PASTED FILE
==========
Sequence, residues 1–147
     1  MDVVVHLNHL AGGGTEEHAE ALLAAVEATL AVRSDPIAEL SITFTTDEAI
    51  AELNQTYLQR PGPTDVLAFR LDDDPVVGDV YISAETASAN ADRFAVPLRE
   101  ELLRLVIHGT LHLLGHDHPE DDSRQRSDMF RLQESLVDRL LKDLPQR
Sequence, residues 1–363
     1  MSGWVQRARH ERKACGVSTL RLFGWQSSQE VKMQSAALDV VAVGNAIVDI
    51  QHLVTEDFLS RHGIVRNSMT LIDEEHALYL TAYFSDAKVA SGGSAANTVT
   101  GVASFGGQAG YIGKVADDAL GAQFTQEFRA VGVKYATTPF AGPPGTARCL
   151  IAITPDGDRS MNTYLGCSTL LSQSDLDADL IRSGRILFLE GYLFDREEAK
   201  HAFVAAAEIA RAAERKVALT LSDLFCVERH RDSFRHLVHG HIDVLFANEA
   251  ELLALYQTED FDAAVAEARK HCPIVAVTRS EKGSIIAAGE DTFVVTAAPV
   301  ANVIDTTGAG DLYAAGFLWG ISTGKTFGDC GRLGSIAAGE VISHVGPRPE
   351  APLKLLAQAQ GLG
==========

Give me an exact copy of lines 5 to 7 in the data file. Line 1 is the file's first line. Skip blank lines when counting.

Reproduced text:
Sequence, residues 1–363
     1  MSGWVQRARH ERKACGVSTL RLFGWQSSQE VKMQSAALDV VAVGNAIVDI
    51  QHLVTEDFLS RHGIVRNSMT LIDEEHALYL TAYFSDAKVA SGGSAANTVT